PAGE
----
PBS 2.3.1

By: Cameron and Brynn

General Background on Type 1 diabetes


Type 1 diabetes is usually diagnosed in children and young adults, and used to be called juvenile diabetes. Only 5% of people with diabetes have type 1. In type 1 the body does not produce insulin. The body breaks down the sugars and starches you eat into a simple sugar called glucose, which it uses for energy. Insulin is a hormone that the body needs to get glucose from the bloodstream into the cells of the body. With the help of insulin therapy, even young children can learn to manage their condition and live long healthy lives.

The role of blood sugar monitoring and adjustment

People with type 1 diabetes are constantly monitoring their blood sugar to determine when they need a shot and just to keep their blood sugar in a safe zone. If there blood sugar drops to low it can cause serious damage to their body

Dietician

Dietitians provide medical nutrition therapy for patients in institutions such as hospitals and nursing care facilities. They assess patients nutritional needs, develop nutrition programs, and base their diet on what the patient's body needs.

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Certified Diabetic Educator (CDE)

A certified diabetic educator will help you develop a plan to make you stay healthy and provide support. They usually focus on 7 different behaviors. Those are Healthy eating, being active, monitoring, taking medication, problem solving, healthy coping, and reducing risks. They are useful for telling you what is going on in your body.


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Primary Care Physician

This is the type of person you would see for general checkups or whenever you may get ill. A primary care physician plays a role in having any type of diabetes. They may refer you to a different team member, or even a specialist. It is important to ask questions if you have them before you leave their office. They also may do tests.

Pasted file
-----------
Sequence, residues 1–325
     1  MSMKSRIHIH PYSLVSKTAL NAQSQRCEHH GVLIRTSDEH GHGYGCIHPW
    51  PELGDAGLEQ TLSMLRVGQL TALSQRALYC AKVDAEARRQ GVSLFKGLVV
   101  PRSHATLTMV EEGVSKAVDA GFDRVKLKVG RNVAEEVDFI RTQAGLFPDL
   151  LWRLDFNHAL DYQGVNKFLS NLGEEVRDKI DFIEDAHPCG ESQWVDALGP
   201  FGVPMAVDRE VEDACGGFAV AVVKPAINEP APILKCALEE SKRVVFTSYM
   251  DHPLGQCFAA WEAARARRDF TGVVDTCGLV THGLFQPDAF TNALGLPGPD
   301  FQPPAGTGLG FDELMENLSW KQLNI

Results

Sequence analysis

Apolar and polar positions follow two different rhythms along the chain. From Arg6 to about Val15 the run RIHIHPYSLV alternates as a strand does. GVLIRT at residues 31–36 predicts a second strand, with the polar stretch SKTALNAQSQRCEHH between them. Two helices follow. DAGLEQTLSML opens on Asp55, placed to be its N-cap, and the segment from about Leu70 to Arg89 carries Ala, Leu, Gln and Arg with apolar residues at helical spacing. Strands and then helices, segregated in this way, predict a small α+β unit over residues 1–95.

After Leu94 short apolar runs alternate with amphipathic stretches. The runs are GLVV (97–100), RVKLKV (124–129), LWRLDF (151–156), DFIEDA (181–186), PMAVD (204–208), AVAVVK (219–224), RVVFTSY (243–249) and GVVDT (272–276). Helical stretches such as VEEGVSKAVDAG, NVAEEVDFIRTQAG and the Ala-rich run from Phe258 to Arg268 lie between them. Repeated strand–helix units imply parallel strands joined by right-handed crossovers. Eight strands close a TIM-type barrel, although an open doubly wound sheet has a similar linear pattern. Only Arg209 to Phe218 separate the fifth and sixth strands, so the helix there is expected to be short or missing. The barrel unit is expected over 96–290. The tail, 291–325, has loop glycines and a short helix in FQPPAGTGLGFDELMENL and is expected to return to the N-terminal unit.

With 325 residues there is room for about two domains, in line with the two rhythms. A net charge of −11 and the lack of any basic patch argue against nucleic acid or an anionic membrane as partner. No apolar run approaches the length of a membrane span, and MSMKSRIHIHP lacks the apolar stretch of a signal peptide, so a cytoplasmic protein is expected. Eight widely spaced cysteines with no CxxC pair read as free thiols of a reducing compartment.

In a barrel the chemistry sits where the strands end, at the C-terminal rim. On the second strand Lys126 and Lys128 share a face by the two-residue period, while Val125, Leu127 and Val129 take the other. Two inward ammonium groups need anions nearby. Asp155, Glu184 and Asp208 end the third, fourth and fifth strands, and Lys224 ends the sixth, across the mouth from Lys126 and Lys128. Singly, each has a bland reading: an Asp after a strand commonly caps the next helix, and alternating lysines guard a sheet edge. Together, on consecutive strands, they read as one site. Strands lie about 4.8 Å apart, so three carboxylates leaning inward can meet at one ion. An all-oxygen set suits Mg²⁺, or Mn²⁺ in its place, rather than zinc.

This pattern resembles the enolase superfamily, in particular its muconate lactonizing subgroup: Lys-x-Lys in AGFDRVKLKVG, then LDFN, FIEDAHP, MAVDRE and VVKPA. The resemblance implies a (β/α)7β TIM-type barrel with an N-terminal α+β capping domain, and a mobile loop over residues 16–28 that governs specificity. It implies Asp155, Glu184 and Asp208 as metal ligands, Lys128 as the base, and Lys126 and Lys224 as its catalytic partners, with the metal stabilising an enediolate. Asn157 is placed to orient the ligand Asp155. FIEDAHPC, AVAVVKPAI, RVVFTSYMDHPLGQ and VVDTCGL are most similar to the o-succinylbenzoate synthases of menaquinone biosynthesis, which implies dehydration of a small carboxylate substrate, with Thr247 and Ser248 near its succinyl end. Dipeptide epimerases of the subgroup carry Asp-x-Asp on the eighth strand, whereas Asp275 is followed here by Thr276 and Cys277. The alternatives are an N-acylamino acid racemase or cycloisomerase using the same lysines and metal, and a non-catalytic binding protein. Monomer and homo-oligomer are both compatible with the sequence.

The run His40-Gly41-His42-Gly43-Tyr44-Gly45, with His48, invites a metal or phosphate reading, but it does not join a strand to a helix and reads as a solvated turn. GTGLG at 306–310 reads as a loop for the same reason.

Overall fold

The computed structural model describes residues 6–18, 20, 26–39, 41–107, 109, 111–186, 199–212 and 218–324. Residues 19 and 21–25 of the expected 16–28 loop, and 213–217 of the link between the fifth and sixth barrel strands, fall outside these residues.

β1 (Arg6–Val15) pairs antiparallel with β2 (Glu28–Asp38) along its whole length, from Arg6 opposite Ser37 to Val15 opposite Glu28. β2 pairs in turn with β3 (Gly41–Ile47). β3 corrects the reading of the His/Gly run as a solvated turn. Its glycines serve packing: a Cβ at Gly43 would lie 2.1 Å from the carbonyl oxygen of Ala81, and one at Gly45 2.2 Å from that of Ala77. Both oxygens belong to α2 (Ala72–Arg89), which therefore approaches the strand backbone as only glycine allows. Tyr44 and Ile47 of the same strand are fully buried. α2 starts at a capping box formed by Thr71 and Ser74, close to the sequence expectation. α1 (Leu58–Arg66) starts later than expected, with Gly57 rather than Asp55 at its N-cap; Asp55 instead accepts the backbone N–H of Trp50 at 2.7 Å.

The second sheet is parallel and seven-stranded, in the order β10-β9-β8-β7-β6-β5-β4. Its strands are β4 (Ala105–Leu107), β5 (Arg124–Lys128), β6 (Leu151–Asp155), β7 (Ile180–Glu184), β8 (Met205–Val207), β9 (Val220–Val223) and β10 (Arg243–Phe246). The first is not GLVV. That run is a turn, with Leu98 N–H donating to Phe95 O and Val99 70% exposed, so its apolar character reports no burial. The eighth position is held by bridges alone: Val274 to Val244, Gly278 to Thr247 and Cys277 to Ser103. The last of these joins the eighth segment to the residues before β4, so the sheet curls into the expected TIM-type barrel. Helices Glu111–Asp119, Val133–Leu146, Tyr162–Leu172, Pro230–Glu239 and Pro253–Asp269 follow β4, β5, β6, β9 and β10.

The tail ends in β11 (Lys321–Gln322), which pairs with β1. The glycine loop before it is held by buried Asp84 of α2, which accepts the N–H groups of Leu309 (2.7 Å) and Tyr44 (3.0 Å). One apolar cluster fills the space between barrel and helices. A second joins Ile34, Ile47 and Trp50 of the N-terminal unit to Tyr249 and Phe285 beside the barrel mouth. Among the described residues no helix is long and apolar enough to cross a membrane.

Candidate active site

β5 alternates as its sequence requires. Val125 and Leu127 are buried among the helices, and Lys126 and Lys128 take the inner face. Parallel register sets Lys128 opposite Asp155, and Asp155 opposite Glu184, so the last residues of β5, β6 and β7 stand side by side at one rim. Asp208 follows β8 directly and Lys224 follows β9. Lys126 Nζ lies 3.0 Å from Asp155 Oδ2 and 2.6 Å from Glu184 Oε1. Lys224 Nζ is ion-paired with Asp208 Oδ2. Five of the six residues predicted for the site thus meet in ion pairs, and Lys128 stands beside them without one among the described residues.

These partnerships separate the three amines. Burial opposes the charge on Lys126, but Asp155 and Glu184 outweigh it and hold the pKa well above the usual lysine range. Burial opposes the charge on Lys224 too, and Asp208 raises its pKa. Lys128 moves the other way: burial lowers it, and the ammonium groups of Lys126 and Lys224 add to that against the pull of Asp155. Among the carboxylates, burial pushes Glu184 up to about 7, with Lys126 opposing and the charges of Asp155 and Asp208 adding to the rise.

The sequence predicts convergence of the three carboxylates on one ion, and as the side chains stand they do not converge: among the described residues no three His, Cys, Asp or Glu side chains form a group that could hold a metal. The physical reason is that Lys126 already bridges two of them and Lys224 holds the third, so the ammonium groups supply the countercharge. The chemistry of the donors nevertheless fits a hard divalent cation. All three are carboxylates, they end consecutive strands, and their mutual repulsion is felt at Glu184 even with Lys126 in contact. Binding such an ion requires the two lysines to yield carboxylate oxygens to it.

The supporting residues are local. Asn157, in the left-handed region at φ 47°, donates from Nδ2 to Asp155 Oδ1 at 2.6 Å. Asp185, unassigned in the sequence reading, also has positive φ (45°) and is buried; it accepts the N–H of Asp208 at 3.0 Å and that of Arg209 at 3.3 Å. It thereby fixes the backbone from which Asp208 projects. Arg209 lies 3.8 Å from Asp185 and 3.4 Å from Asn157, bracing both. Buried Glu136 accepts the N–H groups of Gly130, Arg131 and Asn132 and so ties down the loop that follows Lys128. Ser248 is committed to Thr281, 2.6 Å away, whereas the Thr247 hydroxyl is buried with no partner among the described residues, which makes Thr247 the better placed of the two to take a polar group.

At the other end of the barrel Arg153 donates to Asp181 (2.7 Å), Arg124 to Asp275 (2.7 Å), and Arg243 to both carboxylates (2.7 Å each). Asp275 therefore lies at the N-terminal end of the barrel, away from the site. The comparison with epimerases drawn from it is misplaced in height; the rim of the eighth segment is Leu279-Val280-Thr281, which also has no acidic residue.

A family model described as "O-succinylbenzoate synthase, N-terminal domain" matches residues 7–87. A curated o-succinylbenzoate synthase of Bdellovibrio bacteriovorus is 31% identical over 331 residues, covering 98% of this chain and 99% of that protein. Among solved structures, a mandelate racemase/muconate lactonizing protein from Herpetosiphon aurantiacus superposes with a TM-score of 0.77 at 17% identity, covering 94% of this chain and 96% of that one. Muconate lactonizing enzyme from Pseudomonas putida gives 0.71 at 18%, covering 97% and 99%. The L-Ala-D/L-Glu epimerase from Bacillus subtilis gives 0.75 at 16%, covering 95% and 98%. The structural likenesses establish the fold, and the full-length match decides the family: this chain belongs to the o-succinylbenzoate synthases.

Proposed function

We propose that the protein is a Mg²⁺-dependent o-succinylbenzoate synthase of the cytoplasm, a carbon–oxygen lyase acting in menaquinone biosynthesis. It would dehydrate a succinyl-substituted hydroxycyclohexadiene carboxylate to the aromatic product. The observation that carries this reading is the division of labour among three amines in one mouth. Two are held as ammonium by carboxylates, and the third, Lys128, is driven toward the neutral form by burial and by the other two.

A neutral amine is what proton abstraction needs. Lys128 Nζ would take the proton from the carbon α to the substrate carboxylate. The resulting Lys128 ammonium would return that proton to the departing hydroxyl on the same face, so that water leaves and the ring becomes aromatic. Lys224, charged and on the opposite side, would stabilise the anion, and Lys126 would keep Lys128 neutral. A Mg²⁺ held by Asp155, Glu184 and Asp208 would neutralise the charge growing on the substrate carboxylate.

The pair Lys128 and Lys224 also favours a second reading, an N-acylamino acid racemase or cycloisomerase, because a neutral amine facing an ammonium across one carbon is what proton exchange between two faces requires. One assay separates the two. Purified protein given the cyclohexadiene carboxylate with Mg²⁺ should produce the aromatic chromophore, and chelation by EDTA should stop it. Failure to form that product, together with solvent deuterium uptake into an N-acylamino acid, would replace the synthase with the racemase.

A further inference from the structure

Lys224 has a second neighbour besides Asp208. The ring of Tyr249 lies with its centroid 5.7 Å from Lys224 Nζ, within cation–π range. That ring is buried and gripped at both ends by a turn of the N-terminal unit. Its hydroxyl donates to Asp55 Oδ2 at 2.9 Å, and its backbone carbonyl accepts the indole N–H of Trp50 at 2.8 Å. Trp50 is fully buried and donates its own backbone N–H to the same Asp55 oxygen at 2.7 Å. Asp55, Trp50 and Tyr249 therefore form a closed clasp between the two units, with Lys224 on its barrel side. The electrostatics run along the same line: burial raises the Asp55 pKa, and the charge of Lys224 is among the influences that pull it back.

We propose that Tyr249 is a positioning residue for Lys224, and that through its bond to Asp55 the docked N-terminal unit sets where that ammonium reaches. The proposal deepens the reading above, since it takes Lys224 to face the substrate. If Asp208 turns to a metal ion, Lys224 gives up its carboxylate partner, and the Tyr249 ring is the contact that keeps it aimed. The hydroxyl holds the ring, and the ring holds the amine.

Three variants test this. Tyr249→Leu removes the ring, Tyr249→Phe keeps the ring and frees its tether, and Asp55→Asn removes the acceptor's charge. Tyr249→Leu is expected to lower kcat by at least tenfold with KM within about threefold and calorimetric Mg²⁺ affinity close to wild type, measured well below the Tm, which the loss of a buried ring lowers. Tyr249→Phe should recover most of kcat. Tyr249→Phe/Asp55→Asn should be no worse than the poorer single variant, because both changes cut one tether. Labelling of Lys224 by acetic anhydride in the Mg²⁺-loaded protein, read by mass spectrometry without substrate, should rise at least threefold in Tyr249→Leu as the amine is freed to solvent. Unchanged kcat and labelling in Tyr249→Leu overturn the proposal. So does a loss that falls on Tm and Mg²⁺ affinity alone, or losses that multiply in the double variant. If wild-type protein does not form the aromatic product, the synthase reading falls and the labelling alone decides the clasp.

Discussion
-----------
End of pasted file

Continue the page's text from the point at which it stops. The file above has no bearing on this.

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Recommendations for exercise and lifestyle and a discussion of how staying fit relates to keeping diabetes in control.

While exercising, it can help avoid heart problems. It makes it easier to monitor your glucose level. Exercising also increases insulin sensitivity. This means that your your body does not need as much insulin to process carbohydrates. It is a good idea to set goals for how to stay fit. Some suggestions are running, swimming, biking, and walking. A good goal is to get at least 30 minutes of exercise each day. Exercising keeps your heart healthy and strong.


Basic recommendations for a diabetic diet- built on the information you listed in Activity 2.2.2 and refer back to your nutrient analysis for Anna Garcia.

Some recommendations for a diabetic include eating things such as fruits, vegetables, whole grains, carbohydrates, and proteins. Some good examples of vegetables are tomatoes, onions, cucumbers, carrots and beets. Some good examples of whole grain include brown rice, bran cereal, and whole grain breads. Starches, sugars, and fiber are all types of carbohydrates. They can come in beans, fruit juices, pasta, and bread. Some proteins are fish and seafood, cheese and eggs.


Citations

Type 1 Diabetes. (2014, January 12). Retrieved December 2, 2015, from http://www.diabetes.org/diabetes-basics/type-1/?referrer=https://www.google.com/


Dietician. (2015, November 23). Retrieved December 2, 2015, from http://explorehealthcareers.org/en/Career/139/Dietitian